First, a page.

Apple and the Design Experience

I have been accused of being an Apple Fanboy.  I  admit to owning a number of 'i-things', but nothing like this: 25 Signs That You Might Be An Apple Fanboy.  I do not have an Apple tattoo, no Mac-couch, or any of the items on this list. I am guilty of enjoying Apple products. 
What is the big deal with Apple anyway? I am sure that everyone has an opinion on this. There is not much middle ground: they seem to be loved or hated. 
Apple is brilliant at using design
to provide an amazing customer experience.  It is not just about the product. The experience is managed at every touch-point. Customer service, packaging, product, iTunes ... it is all part of the experience that we call Apple. 
I have been reading, Do You Matter?: How Great Design Will Make People Love Your Company by Brunner, Emery and Hall (Sponsored link). The authors made the following observation:

We think that mostpeople are prone to define design, particularly good design, more narrowly than they should. When you see an iconic product, such as an iPhone, for instance, [...] it's so easy to overlook the big picture of how the product fits into the company's future - and the future of similar products in general. We want you to consider a far broader view of the significance of design.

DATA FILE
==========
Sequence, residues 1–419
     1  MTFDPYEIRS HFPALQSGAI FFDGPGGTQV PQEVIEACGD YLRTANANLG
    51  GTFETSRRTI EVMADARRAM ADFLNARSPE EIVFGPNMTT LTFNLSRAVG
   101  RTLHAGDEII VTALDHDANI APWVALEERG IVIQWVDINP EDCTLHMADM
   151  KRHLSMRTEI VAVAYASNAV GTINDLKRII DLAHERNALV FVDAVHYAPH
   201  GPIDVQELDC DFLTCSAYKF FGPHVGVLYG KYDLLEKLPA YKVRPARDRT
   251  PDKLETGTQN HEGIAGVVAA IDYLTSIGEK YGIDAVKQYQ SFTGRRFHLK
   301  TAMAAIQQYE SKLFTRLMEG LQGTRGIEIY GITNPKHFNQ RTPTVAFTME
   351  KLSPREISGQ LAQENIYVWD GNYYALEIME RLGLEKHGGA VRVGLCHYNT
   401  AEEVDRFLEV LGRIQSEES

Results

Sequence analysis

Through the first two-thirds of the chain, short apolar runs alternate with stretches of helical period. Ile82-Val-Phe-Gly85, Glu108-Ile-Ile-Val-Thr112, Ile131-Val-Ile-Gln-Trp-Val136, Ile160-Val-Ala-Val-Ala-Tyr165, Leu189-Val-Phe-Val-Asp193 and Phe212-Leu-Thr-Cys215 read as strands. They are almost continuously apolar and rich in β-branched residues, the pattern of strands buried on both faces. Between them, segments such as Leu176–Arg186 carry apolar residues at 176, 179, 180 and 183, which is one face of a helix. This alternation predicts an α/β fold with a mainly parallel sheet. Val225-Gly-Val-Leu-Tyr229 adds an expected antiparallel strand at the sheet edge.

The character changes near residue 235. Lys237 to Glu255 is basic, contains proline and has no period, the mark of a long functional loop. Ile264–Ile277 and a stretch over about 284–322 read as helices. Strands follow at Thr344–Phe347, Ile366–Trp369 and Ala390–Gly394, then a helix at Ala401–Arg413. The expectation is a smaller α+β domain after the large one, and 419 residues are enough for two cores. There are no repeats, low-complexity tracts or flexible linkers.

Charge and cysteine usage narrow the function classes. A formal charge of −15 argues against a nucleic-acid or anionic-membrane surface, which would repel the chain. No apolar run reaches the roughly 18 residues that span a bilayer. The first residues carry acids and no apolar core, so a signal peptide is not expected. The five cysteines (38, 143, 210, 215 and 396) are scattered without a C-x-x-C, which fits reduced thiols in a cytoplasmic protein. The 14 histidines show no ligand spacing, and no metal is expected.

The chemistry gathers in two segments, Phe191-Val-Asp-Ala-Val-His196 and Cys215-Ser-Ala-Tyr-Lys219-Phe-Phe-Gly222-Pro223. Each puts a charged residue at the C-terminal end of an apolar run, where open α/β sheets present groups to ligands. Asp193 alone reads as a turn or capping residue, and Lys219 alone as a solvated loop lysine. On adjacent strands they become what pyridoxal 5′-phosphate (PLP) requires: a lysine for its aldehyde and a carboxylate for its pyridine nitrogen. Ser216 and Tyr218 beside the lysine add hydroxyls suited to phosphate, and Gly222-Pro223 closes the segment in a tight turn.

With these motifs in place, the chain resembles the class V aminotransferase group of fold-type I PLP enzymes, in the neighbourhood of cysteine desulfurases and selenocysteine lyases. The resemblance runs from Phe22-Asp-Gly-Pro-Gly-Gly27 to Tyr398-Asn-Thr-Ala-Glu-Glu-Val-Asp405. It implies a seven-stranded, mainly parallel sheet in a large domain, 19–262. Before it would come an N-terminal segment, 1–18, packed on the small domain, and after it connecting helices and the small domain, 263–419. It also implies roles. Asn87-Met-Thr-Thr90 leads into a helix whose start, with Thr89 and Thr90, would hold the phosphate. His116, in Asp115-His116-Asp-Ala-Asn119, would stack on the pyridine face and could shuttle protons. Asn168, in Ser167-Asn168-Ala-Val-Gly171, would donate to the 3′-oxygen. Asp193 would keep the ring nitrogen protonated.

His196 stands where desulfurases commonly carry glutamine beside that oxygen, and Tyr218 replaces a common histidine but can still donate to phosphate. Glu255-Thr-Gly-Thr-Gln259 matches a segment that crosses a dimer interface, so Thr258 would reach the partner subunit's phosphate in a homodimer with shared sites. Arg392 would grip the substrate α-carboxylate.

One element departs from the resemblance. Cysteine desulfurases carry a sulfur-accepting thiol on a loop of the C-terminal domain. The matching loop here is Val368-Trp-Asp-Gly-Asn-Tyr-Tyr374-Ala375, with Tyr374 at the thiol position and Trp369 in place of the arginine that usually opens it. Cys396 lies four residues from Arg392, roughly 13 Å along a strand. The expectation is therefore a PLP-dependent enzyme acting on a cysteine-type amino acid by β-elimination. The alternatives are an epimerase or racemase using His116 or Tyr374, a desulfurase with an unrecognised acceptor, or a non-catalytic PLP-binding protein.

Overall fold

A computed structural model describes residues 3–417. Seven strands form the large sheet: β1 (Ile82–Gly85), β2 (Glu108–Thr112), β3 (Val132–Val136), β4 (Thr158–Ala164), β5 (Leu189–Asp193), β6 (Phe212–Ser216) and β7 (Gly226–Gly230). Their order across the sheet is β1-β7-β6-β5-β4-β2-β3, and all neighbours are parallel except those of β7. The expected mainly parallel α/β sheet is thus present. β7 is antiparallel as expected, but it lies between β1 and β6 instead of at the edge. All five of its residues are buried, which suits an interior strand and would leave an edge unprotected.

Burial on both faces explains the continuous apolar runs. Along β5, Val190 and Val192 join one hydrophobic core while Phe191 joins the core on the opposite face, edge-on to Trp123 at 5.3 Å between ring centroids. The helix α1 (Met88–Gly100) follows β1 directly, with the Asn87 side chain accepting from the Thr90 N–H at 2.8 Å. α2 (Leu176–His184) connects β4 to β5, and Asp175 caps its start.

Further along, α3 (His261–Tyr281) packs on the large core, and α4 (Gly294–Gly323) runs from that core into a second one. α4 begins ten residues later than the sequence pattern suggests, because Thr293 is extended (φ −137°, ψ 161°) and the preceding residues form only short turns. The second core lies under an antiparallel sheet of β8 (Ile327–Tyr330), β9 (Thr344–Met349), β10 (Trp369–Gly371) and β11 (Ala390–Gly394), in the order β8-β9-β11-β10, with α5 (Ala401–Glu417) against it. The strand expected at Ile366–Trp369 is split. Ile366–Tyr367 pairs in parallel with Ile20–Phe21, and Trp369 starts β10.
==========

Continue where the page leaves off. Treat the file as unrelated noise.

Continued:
Speaking of product design, the authors wrote that:

The difference between a great product and a merely good product is that a great product embodies an idea that people can understand and learn about - an idea that grows in the minds, one they emotionally engage with.

Can a product, and a company, be successful based on design alone? Not necessarily.  The author pints to the "total concept - how the product operates, how it sounds, and how it feels." Does it resonate with customers? That is what is special: you experience Apple. 

If you want to look at an interesting case study, consider the Motorola Razr. Clearly this was a popular phone. Was Motorola able to use this to sustained the success they enjoyed from the early success? They tried to migrate the Razr 'looks' to next generation of devices, but they never really understood this: Design, as the author points out, establishes the relationship between your company and your customer.

I highly recommend this book.  It should be read by every engineer, marketer, and business person. As for Apple - that's your call.  I love my i-things.


Photo: By multisanti